Navigation Links
'Exoskeleton' Helps Paralyzed Stand, Take Steps
Date:1/13/2012

By Amanda Gardner
HealthDay Reporter

THURSDAY, Jan. 12 (HealthDay News) -- Veteran ski patrol member Mike Rhode was speeding down a snowy slope at Hunter Mountain in New York state when his ski unexpectedly popped off.

Rhode, then a member of the ski patrol for 13 years, wasn't able to regain his balance before hitting a fence. Now, tragically, he is paralyzed from the chest down.

But last October, 10 months after the accident, Rhode was able to walk again with the assistance of Ekso, a robotic "exoskeleton" that he and five other testers "wore" on their body during an initial trial, enabling them to stand up and even take steps.

"I was upright for an hour and 10 minutes and was actually walking for 31 minutes," said Rhode, 46. "It was such a positive feeling."

Ekso is one of just a few robotic "exoskeletons" giving paraplegics and quadraplegics something they may never have dreamed of before: the ability to stand and walk on their own again.

With the Ekso that Rhode tested, "the therapist controls the sit-to-stand and moving forward," explains Dr. Steven Kirshblum, medical director and director of Spinal Cord Injury Services at the Kessler Institute for Rehabilitation in West Orange, N.J.

All Rhode had to do was start pushing out of his wheelchair as he had done many times before and the Ekso, as manipulated by the therapist, did the rest.

Kessler, a leader in the field of disability rehabilitation, is one of 10 U.S. organizations partnering with Ekso Bionics to develop clinical versions of the device.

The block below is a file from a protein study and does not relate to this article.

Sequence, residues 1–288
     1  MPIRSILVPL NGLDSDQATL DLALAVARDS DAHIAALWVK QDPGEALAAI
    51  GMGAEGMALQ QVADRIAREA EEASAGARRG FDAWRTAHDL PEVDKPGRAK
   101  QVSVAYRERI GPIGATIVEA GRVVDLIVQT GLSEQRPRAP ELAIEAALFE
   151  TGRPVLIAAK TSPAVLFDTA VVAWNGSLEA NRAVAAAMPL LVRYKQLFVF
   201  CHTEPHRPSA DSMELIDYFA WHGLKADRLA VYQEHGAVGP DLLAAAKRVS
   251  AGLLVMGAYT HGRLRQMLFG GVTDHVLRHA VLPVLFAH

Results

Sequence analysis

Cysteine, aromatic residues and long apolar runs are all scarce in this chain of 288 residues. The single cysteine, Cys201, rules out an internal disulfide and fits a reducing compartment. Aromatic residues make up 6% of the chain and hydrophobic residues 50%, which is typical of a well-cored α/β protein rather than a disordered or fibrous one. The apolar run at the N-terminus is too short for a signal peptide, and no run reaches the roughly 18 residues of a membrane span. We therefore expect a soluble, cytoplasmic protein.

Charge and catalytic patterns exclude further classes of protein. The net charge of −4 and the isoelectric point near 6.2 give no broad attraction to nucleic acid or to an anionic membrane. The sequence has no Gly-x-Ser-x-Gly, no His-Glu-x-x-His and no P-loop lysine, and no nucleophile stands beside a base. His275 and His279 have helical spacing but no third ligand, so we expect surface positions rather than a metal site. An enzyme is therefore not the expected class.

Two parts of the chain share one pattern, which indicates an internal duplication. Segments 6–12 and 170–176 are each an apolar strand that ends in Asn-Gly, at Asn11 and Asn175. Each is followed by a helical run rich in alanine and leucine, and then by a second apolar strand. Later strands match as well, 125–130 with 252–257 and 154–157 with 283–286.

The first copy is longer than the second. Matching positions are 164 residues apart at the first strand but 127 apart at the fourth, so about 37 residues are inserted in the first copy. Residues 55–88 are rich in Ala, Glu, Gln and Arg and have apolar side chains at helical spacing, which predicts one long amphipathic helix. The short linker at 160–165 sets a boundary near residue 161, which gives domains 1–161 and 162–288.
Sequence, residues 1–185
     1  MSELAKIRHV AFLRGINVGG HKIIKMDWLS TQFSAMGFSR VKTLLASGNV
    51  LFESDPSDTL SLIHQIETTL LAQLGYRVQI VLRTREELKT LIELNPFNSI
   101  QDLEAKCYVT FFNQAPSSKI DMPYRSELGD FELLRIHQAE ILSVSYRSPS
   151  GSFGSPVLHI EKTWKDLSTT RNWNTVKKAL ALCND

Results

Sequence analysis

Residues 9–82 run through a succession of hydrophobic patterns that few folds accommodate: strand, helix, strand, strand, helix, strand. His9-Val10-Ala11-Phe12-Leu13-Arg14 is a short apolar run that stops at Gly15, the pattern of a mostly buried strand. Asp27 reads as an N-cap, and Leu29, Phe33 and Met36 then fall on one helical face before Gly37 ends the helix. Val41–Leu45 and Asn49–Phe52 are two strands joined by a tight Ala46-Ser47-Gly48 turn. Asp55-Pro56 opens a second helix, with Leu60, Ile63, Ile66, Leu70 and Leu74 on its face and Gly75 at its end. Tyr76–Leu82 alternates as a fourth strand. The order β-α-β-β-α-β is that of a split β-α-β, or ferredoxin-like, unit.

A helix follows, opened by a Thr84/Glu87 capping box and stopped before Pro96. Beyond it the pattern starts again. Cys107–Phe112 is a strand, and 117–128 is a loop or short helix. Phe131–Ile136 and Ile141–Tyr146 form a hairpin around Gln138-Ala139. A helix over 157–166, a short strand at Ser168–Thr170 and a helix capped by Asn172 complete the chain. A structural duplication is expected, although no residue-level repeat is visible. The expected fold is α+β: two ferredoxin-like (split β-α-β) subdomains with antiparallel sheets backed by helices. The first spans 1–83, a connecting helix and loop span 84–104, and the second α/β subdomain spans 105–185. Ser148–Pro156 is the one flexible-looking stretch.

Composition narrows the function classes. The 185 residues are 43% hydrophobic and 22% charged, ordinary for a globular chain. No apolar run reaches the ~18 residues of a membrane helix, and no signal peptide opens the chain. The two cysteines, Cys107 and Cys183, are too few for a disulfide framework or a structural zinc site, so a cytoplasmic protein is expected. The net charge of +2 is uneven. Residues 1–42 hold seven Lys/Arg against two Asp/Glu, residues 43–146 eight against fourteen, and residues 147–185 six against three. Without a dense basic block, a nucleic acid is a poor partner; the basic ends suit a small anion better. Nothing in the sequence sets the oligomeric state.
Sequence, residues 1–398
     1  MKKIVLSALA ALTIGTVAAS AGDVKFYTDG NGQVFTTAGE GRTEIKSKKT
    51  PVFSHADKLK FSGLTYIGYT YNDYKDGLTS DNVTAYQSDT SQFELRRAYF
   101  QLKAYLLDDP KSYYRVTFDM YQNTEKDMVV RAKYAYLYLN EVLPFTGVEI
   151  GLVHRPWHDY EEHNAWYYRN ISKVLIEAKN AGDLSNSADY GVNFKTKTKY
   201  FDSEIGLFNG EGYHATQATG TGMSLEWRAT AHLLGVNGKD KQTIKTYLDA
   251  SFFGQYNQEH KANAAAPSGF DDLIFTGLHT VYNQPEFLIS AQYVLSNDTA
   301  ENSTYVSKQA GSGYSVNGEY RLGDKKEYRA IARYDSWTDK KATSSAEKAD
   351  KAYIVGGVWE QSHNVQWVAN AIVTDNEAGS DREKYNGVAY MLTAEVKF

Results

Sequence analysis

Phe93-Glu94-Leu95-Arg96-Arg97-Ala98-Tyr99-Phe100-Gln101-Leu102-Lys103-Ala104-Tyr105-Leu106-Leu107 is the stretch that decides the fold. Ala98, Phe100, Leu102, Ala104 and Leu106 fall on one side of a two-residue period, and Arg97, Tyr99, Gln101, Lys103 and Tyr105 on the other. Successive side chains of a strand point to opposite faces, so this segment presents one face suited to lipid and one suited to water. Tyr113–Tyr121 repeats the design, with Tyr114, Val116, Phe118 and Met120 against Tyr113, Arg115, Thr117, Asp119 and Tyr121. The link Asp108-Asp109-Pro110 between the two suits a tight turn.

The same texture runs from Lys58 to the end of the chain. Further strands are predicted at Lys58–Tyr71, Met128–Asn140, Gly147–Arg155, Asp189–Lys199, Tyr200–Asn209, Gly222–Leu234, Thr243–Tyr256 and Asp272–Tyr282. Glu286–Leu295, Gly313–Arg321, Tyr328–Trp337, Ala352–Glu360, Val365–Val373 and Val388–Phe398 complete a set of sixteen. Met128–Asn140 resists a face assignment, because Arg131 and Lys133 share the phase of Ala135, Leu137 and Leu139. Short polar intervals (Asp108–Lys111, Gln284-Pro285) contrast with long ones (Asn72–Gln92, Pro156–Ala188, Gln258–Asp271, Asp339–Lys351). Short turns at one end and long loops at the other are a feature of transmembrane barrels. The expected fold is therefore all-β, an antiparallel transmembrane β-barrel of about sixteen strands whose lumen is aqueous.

A clinical model is due out "very soon," said Kirshblum. That model will allow the individual patient to control the device, can be for home use and will have the ability to negotiate stairs, he said.

"This will occur via wireless communication between the crutches and the sensors on the exoskeleton, assuring the individual is in the appropriate position and is safe to undertake the movements," explained Kirshblum.

Ekso improves on other exoskeletons in that it doesn't use electrodes to stimulate the muscles. The problem with electrodes, Kirshblum said, is that the energy expenditure to get a muscle to contract is enormous.

With less energy required, Ekso's developers hope users can travel farther on their own.

Right now, Ekso is mainly intended for use in therapy settings, and researchers at Kessler and elsewhere will study its impact on bone strength, muscle, bowel and bladder function, blood pressure and quality of life.

Kim Anderson-Erisman, education director for the Miami Project to Cure Paralysis at the University of Miami Miller School of Medicine, envisions exoskeletons one day helping other types of patients, such as stroke survivors and people with traumatic brain injury or multiple sclerosis. "Anything that would lead to muscle weakness," she explained.

"This could potentially be something that they could use to help train, train their muscles and strengthen so that they might be able to eventually walk on their own," said Anderson-Erisman.

Of course, lots of research is needed first to see if exoskeletons actually help strengthen the muscles, she added.

Ekso should help people move, but will it prompt neurological recovery?

Kirshblum wasn't willing to say. But whatever its use, the price will have to come down considerably, said Anderson-Erisman.

Kirshblum also wouldn't say how much Ekso will cost, but one estimate put the price at $100,000.

"This would have to be something insurance would pay for and I don't think that's in the immediate future," said Anderson-Erisman.

This year, Kessler is embarking on a clinical trial with Ekso, a trial Rhode hopes to join.

"Hopefully, I'll be able to use it again," said Rhode, who has not used Ekso since October, when he was one of six adults, and the only quadriplegic, to test the device.